With help from Republican lawmakers, Donald Trump as president will follow through on his campaign promise to get rid of Obamacare, Sen. John Barrasso, an orthopedic surgeon for 24 years, told CNBC on Tuesday.
Barrasso, the fourth-ranking member in the Senate GOP leadership, promised a "smooth transition" for the millions of Americans who receive health insurance through the 2010 Affordable Care Act. They won't be left out in the cold, without coverage, he added.
Trump suggested on CBS's "60 Minutes" on Sunday he might keep two pillars of President Barack Obama's signature health-care law — the prohibition on denials for pre-existing condition and the inclusion of coverage for children in their mid-20s under their parents' insurance.
"Don't get fixated on some of this phraseology. Obamacare is over. We promised to repeal and replace it. And that's what we're going to do," the Wyoming senator said in a "Squawk Box" interview.
Trump has said that even the "good ideas" in Obamacare need to weighed against their costs, added Barrasso, chairman of the Senate Republican Policy Committee, which works to advance conservative ideas.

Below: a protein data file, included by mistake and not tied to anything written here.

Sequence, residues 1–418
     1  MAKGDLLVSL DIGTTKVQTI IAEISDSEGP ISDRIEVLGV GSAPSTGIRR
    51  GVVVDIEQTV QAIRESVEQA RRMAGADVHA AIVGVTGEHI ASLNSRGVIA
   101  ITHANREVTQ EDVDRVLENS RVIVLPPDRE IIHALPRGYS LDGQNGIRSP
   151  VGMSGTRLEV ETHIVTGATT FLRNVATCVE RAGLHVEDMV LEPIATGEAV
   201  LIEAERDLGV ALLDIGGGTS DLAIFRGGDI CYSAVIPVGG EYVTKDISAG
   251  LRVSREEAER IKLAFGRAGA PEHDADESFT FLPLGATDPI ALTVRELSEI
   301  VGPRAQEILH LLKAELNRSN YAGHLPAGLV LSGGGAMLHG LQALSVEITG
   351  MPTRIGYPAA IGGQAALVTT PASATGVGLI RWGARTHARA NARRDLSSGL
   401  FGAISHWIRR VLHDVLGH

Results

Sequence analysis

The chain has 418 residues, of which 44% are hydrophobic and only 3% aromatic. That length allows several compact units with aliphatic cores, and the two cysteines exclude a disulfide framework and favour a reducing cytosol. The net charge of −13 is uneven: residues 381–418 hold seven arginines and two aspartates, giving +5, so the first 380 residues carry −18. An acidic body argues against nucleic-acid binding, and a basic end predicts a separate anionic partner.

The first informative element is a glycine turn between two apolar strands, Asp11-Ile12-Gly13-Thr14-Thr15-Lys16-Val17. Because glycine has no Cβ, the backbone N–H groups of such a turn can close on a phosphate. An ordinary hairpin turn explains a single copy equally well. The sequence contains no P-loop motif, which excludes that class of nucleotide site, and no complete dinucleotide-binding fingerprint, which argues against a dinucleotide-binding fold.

But until the "sledgehammer" of change happens on this "costly, complicated, and collapsing" law, Barrasso said, there are a number of measures Trump can take on Day 1 of his presidency "with the pen and the phone," including relief for Americans and businesses experiencing tough times because of the mandates.
Open enrollment for Obamacare coverage next year, which began on Nov. 1, ends on Jan. 31 — 11 days after Trump is set to be inaugurated as the nation's 45th president.
Trump campaign manager Kellyanne Conway told "Fox News Sunday" the president-elect was considering convening a special session of Congress on the day he's sworn in to repeal Obamacare.